The Fed’s Challenge: Has It Hit the Brakes Hard Enough?

When the Federal Reserve began sharply raising interest rates two years ago, the prospect of mortgage rates hitting 7% terrified Dwight Sandlin, a home builder based in Birmingham, Ala. “I was scared to death. Scared. To. Death,” he said.

He just booked his most profitable year ever.

While sales of his modern farmhouse-style homes have dipped since the postpandemic frenzy, profits are strong because a shortage of existing homes for sale has propped up prices.

“The market is still very firm—not great, but firm. And there’s only one reason: There ain’t enough inventory,” said Sandlin. “If you can’t make money in the home-building business right now, you need to go do something else.”

The Fed meets this week to decide whether, when and by how much it should cut rates later this year. A key question it must answer: Just how tight is its monetary policy? Not very tight, judging by the experience of builders such as Sandlin and consumers’ overall resilience. For Fed officials, that argues against cutting rates much, or soon, especially after two months of firmer-than-expected inflation.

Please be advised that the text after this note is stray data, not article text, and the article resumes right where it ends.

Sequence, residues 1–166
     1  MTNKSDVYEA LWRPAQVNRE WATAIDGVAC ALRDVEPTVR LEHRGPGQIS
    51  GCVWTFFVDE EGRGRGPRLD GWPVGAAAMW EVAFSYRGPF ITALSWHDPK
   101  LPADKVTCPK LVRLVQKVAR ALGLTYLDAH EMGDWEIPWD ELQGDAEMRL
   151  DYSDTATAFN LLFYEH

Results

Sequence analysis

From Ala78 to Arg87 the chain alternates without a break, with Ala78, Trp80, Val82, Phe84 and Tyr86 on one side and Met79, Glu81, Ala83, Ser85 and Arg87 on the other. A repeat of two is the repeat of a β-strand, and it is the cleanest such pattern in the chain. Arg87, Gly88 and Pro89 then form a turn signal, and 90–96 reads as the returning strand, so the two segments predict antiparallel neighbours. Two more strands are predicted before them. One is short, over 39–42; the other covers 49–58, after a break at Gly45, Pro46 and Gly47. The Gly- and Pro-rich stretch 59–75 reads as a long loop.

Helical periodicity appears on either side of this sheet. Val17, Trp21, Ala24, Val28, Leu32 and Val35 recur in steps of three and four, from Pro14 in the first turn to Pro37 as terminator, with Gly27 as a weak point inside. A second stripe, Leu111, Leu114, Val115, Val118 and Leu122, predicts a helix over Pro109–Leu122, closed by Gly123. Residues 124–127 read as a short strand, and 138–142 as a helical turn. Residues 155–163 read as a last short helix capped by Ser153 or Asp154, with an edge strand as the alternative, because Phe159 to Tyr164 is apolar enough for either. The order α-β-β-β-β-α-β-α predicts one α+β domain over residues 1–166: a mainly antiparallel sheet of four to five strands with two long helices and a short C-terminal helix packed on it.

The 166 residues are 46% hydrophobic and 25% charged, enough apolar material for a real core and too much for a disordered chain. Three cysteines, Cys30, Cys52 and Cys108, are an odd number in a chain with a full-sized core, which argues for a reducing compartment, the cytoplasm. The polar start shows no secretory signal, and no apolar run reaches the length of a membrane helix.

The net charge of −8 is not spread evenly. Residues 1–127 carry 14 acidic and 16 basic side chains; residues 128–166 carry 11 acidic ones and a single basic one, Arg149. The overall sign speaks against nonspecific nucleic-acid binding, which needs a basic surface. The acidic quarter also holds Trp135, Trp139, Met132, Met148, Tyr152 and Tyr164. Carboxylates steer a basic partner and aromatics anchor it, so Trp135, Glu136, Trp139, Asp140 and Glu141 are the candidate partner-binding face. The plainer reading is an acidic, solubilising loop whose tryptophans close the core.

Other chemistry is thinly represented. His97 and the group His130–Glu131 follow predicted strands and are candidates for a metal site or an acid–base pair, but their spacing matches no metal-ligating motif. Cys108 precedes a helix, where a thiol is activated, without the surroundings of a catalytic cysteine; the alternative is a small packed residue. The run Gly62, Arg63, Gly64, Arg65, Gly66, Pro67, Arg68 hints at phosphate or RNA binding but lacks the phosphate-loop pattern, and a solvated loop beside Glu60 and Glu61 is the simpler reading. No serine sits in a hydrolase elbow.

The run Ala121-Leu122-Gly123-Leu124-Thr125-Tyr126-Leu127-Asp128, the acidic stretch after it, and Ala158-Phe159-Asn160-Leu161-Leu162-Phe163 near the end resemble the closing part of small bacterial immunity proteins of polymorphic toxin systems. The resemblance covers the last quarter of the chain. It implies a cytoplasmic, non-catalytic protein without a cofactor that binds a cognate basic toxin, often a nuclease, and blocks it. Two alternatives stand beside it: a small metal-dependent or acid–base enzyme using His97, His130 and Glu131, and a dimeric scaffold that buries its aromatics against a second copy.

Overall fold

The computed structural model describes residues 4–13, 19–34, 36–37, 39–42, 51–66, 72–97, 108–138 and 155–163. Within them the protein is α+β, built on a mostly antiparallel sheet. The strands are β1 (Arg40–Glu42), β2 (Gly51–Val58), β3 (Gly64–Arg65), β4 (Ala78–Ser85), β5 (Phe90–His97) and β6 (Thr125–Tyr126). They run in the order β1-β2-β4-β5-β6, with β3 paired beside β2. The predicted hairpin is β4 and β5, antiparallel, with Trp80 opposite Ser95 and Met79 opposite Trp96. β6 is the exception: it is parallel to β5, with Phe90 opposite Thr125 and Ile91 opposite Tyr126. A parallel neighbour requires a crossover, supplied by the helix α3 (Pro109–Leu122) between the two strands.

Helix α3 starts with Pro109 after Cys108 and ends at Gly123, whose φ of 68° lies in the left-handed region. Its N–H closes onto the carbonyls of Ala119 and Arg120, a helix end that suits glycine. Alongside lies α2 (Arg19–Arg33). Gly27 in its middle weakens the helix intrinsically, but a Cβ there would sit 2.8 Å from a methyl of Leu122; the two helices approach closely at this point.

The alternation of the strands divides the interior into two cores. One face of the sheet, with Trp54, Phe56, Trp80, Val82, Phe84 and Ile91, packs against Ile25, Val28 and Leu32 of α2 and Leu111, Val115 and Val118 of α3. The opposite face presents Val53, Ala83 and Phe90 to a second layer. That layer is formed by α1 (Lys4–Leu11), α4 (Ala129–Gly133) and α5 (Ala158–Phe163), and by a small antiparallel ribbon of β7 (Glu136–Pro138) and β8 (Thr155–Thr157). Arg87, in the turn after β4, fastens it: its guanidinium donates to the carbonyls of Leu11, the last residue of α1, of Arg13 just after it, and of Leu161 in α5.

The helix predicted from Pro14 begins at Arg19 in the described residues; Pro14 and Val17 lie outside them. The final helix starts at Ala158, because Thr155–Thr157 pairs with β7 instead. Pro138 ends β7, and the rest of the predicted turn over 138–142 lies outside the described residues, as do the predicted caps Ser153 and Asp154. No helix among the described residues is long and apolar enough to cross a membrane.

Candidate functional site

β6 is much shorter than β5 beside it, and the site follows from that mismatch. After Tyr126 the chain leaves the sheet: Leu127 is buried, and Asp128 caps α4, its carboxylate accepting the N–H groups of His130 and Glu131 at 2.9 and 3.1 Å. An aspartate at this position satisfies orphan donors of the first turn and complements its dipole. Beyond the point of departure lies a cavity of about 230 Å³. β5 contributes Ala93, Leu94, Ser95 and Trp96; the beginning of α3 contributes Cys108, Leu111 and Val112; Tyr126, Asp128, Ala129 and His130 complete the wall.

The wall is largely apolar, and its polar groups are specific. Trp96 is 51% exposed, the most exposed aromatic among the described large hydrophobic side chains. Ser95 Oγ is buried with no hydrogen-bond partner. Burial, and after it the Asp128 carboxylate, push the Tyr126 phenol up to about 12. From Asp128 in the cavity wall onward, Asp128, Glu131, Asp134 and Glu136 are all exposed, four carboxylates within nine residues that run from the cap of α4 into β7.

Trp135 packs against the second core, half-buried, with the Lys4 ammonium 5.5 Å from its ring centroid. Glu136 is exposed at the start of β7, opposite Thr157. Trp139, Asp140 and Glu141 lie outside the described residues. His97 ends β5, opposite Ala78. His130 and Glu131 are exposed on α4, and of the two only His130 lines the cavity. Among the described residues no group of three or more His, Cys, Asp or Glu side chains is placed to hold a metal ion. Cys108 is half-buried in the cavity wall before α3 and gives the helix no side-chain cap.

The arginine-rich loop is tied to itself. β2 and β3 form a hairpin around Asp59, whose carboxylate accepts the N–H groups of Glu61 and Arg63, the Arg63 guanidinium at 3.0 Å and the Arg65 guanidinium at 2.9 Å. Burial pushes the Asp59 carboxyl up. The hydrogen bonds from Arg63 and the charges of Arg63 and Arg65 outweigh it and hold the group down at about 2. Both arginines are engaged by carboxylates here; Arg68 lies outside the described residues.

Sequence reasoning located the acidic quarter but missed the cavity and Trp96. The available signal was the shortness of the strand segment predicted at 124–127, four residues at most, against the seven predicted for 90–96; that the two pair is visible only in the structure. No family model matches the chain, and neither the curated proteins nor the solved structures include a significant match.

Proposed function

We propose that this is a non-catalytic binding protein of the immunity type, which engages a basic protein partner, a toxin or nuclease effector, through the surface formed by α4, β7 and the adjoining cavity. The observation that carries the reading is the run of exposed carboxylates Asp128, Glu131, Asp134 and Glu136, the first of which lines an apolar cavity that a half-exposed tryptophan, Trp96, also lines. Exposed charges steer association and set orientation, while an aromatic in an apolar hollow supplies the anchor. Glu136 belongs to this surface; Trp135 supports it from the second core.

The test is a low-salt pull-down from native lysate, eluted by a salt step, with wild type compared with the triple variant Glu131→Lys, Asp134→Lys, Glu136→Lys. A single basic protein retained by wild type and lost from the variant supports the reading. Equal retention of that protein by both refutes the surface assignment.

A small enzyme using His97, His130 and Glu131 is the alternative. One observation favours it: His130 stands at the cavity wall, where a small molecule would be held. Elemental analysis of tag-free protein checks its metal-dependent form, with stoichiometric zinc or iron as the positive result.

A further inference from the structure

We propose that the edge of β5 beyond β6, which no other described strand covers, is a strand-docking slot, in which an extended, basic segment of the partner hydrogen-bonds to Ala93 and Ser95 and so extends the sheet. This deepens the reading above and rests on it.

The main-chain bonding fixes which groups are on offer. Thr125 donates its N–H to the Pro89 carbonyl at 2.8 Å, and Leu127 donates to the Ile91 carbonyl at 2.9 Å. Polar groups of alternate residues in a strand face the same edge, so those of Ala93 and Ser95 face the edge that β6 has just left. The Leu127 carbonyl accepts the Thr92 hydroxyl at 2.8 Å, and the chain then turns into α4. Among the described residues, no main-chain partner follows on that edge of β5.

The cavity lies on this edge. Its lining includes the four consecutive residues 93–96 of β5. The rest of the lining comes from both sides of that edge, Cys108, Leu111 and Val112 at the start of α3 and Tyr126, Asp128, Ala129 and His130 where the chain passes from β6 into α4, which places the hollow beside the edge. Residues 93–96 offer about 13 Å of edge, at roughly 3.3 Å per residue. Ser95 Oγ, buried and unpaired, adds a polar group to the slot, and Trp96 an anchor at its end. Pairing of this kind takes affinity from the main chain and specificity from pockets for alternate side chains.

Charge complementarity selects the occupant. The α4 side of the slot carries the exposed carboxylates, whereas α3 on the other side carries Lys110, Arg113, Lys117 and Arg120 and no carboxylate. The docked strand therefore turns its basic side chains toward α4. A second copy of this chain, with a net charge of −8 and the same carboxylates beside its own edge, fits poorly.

On the other hand the federal-funds rate target, at 5.25% to 5.5%, is relatively high in nominal and inflation-adjusted terms, and there are signs the economy’s current strength won’t last—a point Chair Jerome Powell has hinted at. If so, then monetary policy might soon start to look tight, reinforcing the case for cutting.

A key gauge of inflation, which excludes volatile energy and food prices, has fallen below 3% in recent months from nearly 5% early last year.

Two feet on the brakes—or just one?

Because of lags, the question of whether growth perseveres or rolls over in the face of past interest-rate hikes might well be resolved in the next six months.

The Fed raises short-term interest rates to cool inflation by slowing demand, hiring and wage growth. It does that through the ripple effects on broader financial conditions such as stock prices and long-term bond and mortgage rates. The interest rate that achieves financial conditions that keep the economy at full strength and inflation steady is called “neutral.” To slow growth and reduce inflation, the Fed must push rates above neutral.

Some business executives, economists and Fed officials say solid growth suggests rates might not be that far above neutral right now.

“We thought we had two feet on the brakes, but maybe we in fact only have one foot on the brakes, and that’s why we haven’t seen as much of a reduction in demand,” Minneapolis Fed President Neel Kashkari said.